US tastes Indian wedding spectaculars
Traffic comes to a halt and heads turn when she walks down the street. A date with her can cost anything upwards of $8,500.
Young Indian men with deep pockets are queuing up for Minnie to realise their fantasies. Those who can't afford her settle for Sadie, Cindy or Penelope who cost about $500 an hour.
Minnie is an elephant and the other three are white mares rented out for Indian weddings.
The four-legged beauties are part of a booming wedding industry that caters to the ever-growing demands of rich Indians in the US.
Manan Shah had a childhood dream of taking centre stage in his marriage procession - or baraat - on an elephant.
He was inspired by the Indian blockbuster of yesteryear, Haathi Mere Saathi, a movie about a boy with elephants as friends.
A relative's wedding in India where he saw an elephant carry the groom to the bride added to the fascination.
"I knew it was almost a lifetime wish for him and so I decided to go for it despite the huge cost,'' says his father Suresh Shah, who has lived in the US for more than 30 years.
Five or six years ago, it would have been an impossible wish to fulfil. But not anymore.
A few calls to the wedding planner and Minnie, a 3,175kg (7,000 pounds) grey Asian diva, is on her way to Washington DC from Connecticut.
"Elephants are the latest trend - and because there are not many around the demand is always high,'' says Sonal Shah, who runs an event planning agency Save The Date.
The cost of hiring an elephant can go up to $30,000 depending on distance - but people still seem to have the money to pay for it.
She says most of her Indian clientele wants bigger, better and more elaborate weddings.
"There's a great craze for new unreleased models of cars like Aston Martins, Ferraris and Lamborghinis for the baraat and I am also doing one where the groom will land on a helicopter,'' says Sonal Shah.
She has 25 such high-end weddings lined up for the year.
No wonder Indian wedding planners have mushroomed all over the US. And so have supporting professionals like videographers, hair and make-up specialists, henna artists and so on.
The music and dance must also be Bollywood inspired, with specialist DJs and choreographers.
A few trunk calls and the elephant is yours for the day...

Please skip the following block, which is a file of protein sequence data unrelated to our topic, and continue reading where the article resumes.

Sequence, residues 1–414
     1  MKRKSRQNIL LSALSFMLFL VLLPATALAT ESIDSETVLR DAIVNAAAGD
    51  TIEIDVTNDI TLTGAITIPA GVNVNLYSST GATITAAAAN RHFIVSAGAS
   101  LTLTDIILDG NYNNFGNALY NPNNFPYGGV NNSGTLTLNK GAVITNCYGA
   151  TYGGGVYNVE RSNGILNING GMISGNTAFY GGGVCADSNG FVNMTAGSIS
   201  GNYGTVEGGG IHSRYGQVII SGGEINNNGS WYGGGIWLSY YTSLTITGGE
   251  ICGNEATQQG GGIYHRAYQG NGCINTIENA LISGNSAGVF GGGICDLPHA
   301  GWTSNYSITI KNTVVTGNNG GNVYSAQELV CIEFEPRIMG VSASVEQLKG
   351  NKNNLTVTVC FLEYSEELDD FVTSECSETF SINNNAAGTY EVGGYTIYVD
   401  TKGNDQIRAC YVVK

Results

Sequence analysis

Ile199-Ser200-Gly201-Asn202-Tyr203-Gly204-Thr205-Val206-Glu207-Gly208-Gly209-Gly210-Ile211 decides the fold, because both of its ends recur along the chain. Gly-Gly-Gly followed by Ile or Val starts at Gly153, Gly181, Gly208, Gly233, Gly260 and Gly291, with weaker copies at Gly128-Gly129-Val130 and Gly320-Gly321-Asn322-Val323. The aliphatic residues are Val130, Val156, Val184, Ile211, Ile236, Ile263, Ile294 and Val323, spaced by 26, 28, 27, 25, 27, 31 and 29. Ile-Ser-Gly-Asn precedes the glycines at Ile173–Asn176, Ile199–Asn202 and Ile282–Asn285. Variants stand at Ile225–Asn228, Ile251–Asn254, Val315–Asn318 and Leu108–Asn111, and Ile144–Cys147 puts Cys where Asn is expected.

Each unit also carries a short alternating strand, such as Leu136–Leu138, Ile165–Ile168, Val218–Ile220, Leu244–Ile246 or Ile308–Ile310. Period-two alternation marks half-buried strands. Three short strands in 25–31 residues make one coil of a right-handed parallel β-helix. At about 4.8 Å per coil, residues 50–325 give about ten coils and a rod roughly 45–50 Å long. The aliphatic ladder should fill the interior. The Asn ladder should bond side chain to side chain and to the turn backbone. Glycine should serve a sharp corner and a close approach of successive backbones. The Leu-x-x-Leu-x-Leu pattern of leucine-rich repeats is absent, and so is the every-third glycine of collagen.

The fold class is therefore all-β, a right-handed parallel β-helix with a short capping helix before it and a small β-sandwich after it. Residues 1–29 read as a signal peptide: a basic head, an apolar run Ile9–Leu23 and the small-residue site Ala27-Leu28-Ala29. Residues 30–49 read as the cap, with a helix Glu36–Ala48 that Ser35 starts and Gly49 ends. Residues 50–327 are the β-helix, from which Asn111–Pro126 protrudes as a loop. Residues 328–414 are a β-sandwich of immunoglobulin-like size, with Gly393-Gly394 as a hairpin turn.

Kumar Singh, whose son was married recently, says 10 years ago it wasn't easy to get any of the accessories required for an elaborate Hindu wedding ritual.
"Now with a little luck maybe we are able to fire guns in the air the way we do it in India,'' says Mr Singh, who is in the auto and motel business.
Many of these wedding vendors are from backgrounds and cultures with no obvious links to Indian traditions and this growing industry has nurtured cross-cultural ties.
The Commerford family that owns Minnie has been in the animal attraction business for 35 years organising pet shows, pony and camel rides.
"It was last year that we got the first call for an elephant to be used in an Indian wedding and then we realised it was an exciting business opportunity,'' says Darlene Commerford.
The wedding was in New Jersey and the Indian family had a blanket made for Minnie which they gave to her as a parting gift.
'Wedding market boom'
Five years ago Midge Harmon, the founder of Harmon's Hayrides that now rents out white mares in Virginia and Washington DC, wasn't even aware of the Indian tradition of weddings where the groom makes a dramatic entrance on horseback.
Then, she only rented out cars for American weddings and did not have a white mare.
Now, she has three - Sadie, Cindy and Penelope.
"The demand has been huge and I invested in their training and even got brocades and traditional wedding attires for them from India,'' she said.
She has a better understanding of Indian traditions now and can differentiate between a Sikh and a Gujarati wedding.
"In fact, the handlers of these horses have a better understanding than me, as they are the ones who go to the weddings,'' she said.
But what is it that has triggered this boom in the Indian wedding market here?
Midge Harmon says the second generation Indians have now reached the marriageable age and there's a large number of young Indians who are in 20s and early 30s.
"They are Americanised, want to get married here but in the traditional ways and so the support facilities have grown to service them,'' she says.
And one things for sure. It's here to stay.
As Sonal Shah puts it: "It's one business with indefinite longevity.''